by Judith Curry
In 2010 a cluster of United Nations and pan-African organizations released a little book entitlted “Climate Smart Agriculture.” Climate Smart Agriculture (CSA) “seeks to incease sustainable productivity, strengthen farmers’ resilience, reduce agriculture’s greenhouse gas emissions and increase carbon sequestration.” The little book and the concept are getting a lot of attention here at COP17. [link]
From the UNFAO page:
Climate change poses many threats to agriculture, including the reduction of agricultural productivity, production stability and incomes in areas of the world that already have high levels of food insecurity and limited means of coping with adverse weather. Being able to transform agriculture to feed a growing population in the face of a changing climate without hindering the natural resource base will not only achieve food security goals but also help mitigate the negative effects of climate change. More productive and resilient agriculture will need better management of natural resources, such as land, water, soil and genetic resources through practices, such as conservation agriculture, integrated pest management, agroforestry and sustainable diets.
Agriculture in developing countries must undergo a significant transformation in order to meet the related challenges of achieving food security and responding to climate change. Projections based on population growth and food consumption patterns indicate that agricultural production will need to increase by at least 70 percent to meet demands by 2050. Most estimates also indicate that climate change is likely to reduce agricultural productivity, production stability and incomes in some areas that already have high levels of food insecurity. Developing climate‐smart agriculture1 is thus crucial to achieving future food security and climate change goals. This paper examines some of the key technical, institutional, policy and financial responses required to achieve this transformation. Building on case studies from the field, the paper outlines a range of practices, approaches and tools aimed at increasing the resilience and productivity of agricultural production systems, while also reducing and removing emissions. The second part of the paper surveys institutional and policy options available to promote the transition to climate‐smart agriculture at the smallholder level. Finally, the paper considers current financing gaps and makes innovative suggestions regarding the combined use of different sources, financing mechanisms and delivery systems.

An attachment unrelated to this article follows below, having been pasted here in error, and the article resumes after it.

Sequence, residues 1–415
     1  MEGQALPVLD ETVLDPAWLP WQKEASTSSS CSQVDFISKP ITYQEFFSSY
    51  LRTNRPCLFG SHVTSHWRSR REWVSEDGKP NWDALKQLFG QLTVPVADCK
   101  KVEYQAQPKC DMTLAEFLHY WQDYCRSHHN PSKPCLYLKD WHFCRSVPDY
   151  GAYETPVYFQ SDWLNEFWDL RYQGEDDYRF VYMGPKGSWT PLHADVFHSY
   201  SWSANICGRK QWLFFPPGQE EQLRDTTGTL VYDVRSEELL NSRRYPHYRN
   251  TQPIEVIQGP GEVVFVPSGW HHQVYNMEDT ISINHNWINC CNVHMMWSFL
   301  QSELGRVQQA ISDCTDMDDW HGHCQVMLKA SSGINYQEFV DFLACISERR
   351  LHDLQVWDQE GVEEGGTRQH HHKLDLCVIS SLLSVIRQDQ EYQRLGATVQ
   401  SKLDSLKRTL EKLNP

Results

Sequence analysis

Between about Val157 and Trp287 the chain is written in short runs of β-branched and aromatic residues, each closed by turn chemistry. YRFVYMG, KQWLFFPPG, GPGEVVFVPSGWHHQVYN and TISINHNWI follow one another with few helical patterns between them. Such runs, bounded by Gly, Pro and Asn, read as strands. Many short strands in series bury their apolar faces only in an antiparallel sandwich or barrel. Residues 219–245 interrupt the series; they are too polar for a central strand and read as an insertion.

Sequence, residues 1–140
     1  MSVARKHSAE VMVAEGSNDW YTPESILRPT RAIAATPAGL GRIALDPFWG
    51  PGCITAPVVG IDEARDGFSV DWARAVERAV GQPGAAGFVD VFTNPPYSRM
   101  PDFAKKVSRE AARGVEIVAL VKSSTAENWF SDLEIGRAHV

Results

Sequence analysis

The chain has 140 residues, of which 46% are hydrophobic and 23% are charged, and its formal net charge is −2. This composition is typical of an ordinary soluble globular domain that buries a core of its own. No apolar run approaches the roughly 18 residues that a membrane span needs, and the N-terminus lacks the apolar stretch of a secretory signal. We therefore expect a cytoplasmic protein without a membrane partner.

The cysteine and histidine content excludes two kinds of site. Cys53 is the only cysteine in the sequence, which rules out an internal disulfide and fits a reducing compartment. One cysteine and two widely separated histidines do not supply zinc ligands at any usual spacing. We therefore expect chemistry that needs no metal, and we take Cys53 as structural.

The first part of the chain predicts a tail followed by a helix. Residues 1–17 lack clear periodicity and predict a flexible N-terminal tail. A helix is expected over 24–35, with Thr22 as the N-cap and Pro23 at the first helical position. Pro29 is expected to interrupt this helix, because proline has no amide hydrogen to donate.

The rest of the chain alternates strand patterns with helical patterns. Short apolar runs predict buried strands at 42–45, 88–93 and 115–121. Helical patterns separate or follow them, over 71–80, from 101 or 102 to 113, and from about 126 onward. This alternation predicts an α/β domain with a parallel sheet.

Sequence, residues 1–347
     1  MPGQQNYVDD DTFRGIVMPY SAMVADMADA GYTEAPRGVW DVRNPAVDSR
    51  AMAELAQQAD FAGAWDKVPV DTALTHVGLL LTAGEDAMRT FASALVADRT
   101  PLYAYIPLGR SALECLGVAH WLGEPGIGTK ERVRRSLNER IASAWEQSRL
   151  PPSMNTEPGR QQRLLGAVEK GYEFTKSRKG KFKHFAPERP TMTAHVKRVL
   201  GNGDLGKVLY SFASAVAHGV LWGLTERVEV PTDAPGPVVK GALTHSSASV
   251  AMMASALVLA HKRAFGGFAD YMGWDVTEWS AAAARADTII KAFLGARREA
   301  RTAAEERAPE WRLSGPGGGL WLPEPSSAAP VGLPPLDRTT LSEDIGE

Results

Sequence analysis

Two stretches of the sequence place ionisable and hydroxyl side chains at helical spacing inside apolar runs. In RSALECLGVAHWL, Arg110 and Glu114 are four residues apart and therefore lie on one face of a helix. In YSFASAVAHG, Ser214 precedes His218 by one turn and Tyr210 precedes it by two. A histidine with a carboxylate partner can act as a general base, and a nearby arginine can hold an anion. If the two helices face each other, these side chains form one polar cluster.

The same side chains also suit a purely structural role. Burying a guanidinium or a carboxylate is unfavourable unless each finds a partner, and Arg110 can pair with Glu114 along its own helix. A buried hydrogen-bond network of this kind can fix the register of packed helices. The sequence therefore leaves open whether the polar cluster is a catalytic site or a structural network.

- Agriculture in developing countries must undergo a significant transformation in order to meet the related challenges of food security and climate change.
- Effective climate-smart practices already exist and could be implemented in developing country agricultural systems.
- Adopting an ecosystem approach, working at landscape scale and ensuring intersectoral coordination and cooperation is crucial for effective climate change responses.
- Considerable investment is required in filling data and knowledge gaps and in research and development of technologies, methodologies, as well as the conservation and production of suitable varieties and breeds
- Institutional and financial support will be required to enable smallholders to make the transition to climate-smart agriculture.
- Strengthened institutional capacity will be needed to improve dissemination of climate-smart information and coordinate over large areas and numbers of farmers.
- Greater consistency between agriculture, food security and climate change policy-making must be achieved at national, regional and international levels.
- Available financing, current and projected, are substantially insufficient to meet climate change and food security challenges faced by the agriculture sector.